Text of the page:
Chapter 24 “Meaningful” Relationships

Chapter 24 Learning Objectives

Upon reading this chapter, the student should be able to:

  • Explain what makes a relationship or an experience ‘meaningful’ as opposed to simply being a good or a love relationship.


Watch this video or scan the QR code to see how you can create more meaningful relationships in the age of technology.

In the 1960’s and ’70’s in particular, many people were looking for what they called “meaningful” relationships. I even began writing this book as a short paper trying to analyze “meaningful personal relationships” as the subject, but I think that is a different and perhaps narrower notion than what needs to be covered in talking about love or personal relationships in general. I have come to suspect that people call a relationship a meaningful one when they believe, at the time it occurs, that it is making a somewhat profound and felt difference in their lives by satisfying a felt need or by making some change for the better in a way that is important to them.

The relationship, in order to be meaningful then, does not have to actually make the change; it only has to be believed that it does. And it would not be considered a meaningful relationship, no matter how much change it brought for the better or for more satisfaction, if it were not perceived as doing so.  There is in the notion of meaningfulness, both in regard to relationships and to events (that is, we speak of meaningful events as well as of meaningful relationships) the implication of psychological awareness or belief that something valuable is going on.

It seems a relationship or an event is called meaningful only when it is believed to be for the good.  Even the terrible experiences of combat or of being ill or starving or of being shot or of being fired may be called meaningful, but only when it is felt that some greater good (involving, say, greater self-awareness, greater awareness of the good of health, greater appreciation for others less fortunate, greater understanding of personal responsibility or potential, etc.) accrues from the experience. I do not believe I have ever heard anyone describe as meaningful what they perceived as an altogether bad and totally unredeeming experience. And indeed, when someone else describes an experience or relationship as meaningful, the question seems to come to mind immediately as to what (good) they got, or get, out of it. If they could think of no good at all, I think we would be puzzled why they considered it meaningful then.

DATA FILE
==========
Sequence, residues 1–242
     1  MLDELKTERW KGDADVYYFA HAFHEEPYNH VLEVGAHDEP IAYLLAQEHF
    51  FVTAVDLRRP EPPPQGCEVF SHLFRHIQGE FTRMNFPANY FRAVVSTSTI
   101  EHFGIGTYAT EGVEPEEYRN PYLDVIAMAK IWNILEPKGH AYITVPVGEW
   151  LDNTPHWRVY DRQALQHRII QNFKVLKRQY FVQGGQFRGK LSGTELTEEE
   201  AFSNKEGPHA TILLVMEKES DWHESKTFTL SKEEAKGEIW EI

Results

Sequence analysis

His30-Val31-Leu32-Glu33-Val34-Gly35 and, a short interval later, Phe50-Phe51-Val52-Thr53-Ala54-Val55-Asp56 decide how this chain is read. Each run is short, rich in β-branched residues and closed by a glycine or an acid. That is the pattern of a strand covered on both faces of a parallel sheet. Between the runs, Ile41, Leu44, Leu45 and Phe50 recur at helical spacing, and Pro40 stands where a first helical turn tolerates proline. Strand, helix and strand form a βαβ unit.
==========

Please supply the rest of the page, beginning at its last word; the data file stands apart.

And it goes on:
With regard to the point that the goodness or satisfying features must actually be felt as such at the time, that is because there are many good relationships people have, but at the time, they are not aware how good or just how satisfying they are and thus do not ever refer to them as meaningful. A child may take for granted or even be unaware of the many benefits a parent or teacher, say, provides. As a grown person, he may look back at the benefits and realize that the relationship was good or important but just not apply the term “meaningful” since he or she did not attach to the experience any particularly profound importance at the time. Similarly, a teenager or adult may not appreciate how important a particular relationship is for him at the time he or she has it, but only later. Thus, he or she would not call it meaningful at either time, and only call it important at the later time.

Experiences and relationships can be good or beneficial in themselves, but they are not meaningful in themselves; to be meaningful, they have to be felt as important at the time to the person having them. Something could happen to one person, at a time he or she is not receptive to it, and not be particularly meaningful; at another time, or to another person, that experience could be very meaningful. Similarly [in] relationships, talking to a stranger may be very meaningful if at that time a person “needs” to talk to an understanding person or needs to feel he or she can make a friend, etc. Otherwise it may not.   Becoming romantically attracted to another is much more meaningful, felt to be much more important, at some times and for some people than at other times or for other people. For example, if one has begun to despair of ever finding a(nother) love, it can be much more meaningful to meet one then if one is not particularly concerned or looking. Likewise, finding a chess partner or someone who loves opera or speaks Italian or gives great backrubs, if those are qualities you really would like to find in someone and have not been able to.

In cases where an awareness of importance is present, but later the experience or relationship is felt to have been less good or less significant or less satisfying than thought at the time, we still tend to speak of the relationship or experience, because of the felt significance or change in our lives or attitudes at the time, as having been meaningful, but simply not as good or important as we thought it was at the time.

 

Key Takeaways

  • Experiences and relationships can be good or beneficial in themselves, but they are not meaningful in themselves; to be meaningful, they have to be felt as important at the time to the person having them.

Key Terms

  • Meaningful applies to experiences or relationships perceived as profoundly important to one at the time by meeting a felt need or by making a felt difference for the better in a way that is important to the person at that time. 

Chapter Review Questions

  • Question: What is one way to understand what people are referring to when they speak about “meaningful relationships”?

License

Chapter 24 “Meaningful” Relationships Copyright © 2017 by Richard Garlikov. All Rights Reserved.

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